Forced Transparency

Nothing is covered up that will not be revealed, or hidden that will not be known.  Therefore whatever you have said in the dark shall be heard in the light, and what you have whispered in private rooms shall be proclaimed on the housetops. (Luke 12:2-3 ESV)

These two verses are terrifying to me.  For one who has spent so much of his life in shadows, such “light” applied so thoroughly to those shadows is frightening.  There’s a reason I liked the shadows.  When I was a kid, like every kid, I was afraid of the dark.  But then, at some point, something changed, and I loved it.  It was like a comfort.  That should have been scary enough, or at least a warning to me.

In my home growing up, the “secrets” were pretty benign.  We didn’t have abuse or anything, but we did have disease and its affects.  We did work within a system that seemed to require a certain amount of secrecy.  “Don’t ask, don’t tell”; if the information wasn’t requested, don’t give it.  I suppose what I remember were more “lies of omission”, but again, pretty benign when compared to the horror stories I’ve heard from other families.  It wasn’t bad, so it seemed acceptable.  It wasn’t until I was older that I figured out that those two are not exactly the same thing, merely related, and not even that all the time.

The reality I’m coming to understand from Scripture is that the cliche about God knowing everything about me is only part of the story.  The other part is that He wants everyone to know everything about me too.  When He describes the life full of light, and the “singleness” of sight, and other means to describe complete transparency, I get really uncomfortable.  Yet, what He wants among His people is for them to be fearlessly transparent with each other.  For someone who actually likes the dark, that’s not really comfortable, not at all.  My life isn’t that…”good” that I’m willing to be that transparent, with anyone.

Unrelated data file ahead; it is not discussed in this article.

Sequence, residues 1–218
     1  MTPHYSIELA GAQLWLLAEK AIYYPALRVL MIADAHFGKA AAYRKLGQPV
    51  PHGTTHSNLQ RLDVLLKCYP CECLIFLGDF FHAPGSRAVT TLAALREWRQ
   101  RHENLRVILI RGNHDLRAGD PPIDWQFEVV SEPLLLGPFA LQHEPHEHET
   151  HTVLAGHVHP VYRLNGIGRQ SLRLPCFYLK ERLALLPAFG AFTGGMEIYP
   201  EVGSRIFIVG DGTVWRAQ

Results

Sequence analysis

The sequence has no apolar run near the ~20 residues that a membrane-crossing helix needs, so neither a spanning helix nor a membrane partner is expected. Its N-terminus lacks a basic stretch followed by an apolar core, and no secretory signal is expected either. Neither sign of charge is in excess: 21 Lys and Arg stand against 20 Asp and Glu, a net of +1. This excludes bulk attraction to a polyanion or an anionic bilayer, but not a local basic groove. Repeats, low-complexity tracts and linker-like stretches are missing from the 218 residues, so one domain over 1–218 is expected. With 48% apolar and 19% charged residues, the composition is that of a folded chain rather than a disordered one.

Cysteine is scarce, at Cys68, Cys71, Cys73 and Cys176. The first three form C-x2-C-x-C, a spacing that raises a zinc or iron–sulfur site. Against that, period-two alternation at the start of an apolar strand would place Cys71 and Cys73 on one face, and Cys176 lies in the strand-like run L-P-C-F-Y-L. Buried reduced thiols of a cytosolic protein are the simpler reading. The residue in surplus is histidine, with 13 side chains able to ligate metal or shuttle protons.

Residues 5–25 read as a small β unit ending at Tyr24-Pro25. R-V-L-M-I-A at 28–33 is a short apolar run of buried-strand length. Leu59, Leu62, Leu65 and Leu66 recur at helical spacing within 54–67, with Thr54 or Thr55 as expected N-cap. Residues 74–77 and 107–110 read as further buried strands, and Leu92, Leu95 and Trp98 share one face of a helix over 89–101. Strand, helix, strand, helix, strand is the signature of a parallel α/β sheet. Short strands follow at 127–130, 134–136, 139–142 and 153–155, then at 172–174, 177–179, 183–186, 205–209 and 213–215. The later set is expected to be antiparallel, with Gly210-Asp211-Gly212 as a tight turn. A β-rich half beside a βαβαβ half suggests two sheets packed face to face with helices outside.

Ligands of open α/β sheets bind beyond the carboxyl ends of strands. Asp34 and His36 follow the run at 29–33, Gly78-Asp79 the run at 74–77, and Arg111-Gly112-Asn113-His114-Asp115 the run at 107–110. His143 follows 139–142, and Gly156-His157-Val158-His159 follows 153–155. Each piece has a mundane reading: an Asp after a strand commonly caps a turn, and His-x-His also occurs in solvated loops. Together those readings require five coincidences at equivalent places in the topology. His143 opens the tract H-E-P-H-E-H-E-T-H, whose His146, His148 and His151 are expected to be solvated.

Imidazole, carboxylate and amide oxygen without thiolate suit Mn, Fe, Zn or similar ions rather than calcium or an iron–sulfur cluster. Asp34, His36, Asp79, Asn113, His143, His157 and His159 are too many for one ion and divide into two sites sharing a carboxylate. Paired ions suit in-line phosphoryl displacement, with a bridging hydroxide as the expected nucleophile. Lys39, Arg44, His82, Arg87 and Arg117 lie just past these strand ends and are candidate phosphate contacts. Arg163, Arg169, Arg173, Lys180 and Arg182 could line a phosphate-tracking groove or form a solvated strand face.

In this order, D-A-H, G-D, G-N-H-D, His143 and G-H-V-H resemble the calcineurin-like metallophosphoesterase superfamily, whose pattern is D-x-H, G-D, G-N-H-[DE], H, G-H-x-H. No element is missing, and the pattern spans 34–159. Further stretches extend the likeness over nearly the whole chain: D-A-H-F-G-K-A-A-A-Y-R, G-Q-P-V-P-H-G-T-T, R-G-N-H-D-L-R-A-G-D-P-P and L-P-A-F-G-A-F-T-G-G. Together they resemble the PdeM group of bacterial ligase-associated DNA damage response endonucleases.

Ironically though, I’m realizing that it’s this transparency that my Master has designed as His path out of the darkness of my “hidden sins”.  I want to get cleaned up first, but He wants to clean me using this transparency.  In a way, it’s this transparency that enables Him to use others to achieve my sanctification.  The transparency opens myself up to the accountability which then provides the context to choose life each minute.  Sure, it would be nice to have the power within myself to make those choices, but my Master seems determined to make and keep my dependent upon my fellow believers and followers.  The Holy Spirit coming along side to help me chooses to use those around me to facilitate the changes He wants to make.  To borrow another cliche, it takes a village to live a life pleasing to God.  Another way of looking at it is that salvation is lived out within the context of a church, or it’s not lived out.  Although I suppose it would depend upon the church.

See where this enforced honesty and openness is so unnerving?  So, I need to be transparent, but I also need to be in a church where transparency is at least accepted rather than rejected.  I don’t think everyone in the church need be transparent, I’d be able to use the excuse that I can’t find such a church, and therefore don’t need to be transparent myself.  That won’t fool my Master.  As long as the church doesn’t disassociate with me, kick me out, or reject me out of hand for the transparency, it should be effective.  But there are other dangers in transparency.  Confessing my sin could spread it’s affect to another, weaker brother or sister.  That would be counter productive.  Care should be taken not to hurt others, but such restraint should be driven by my love for them, not my fear of confessing my sin.  It doesn’t change the need for transparency.

Going back to where we started, there’s really no point to keeping my sin secret.  Jesus is pointing out that it doesn’t matter where you speak it, it will be found out and become public (politics 101).  So, I (and you) might as well be transparent.  It won’t matter what we try to hide anyway.  I guess for me the trick will be ensuring that I’m not spiritually “streaking” where everyone is affected, some adversely, by my openness.  But the important part is to do it rather than simply write about it.

What do you learn from Jesus’ declaration there will be no secrets?

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Published by

Matt Brumage

Educated for Christian ministry, but currently working in the business world.

2 thoughts on “Forced Transparency”

  1. We like to keep our sins a secret. Sometimes it is because we are ashamed, other times because of our pride, but often they become exposed no matter how hard we try to hide it. I would argue that the exposure is God’s grace, because many times with that exposure comes the freedom that looses us from the power that sin had over us.

    Liked by 1 person

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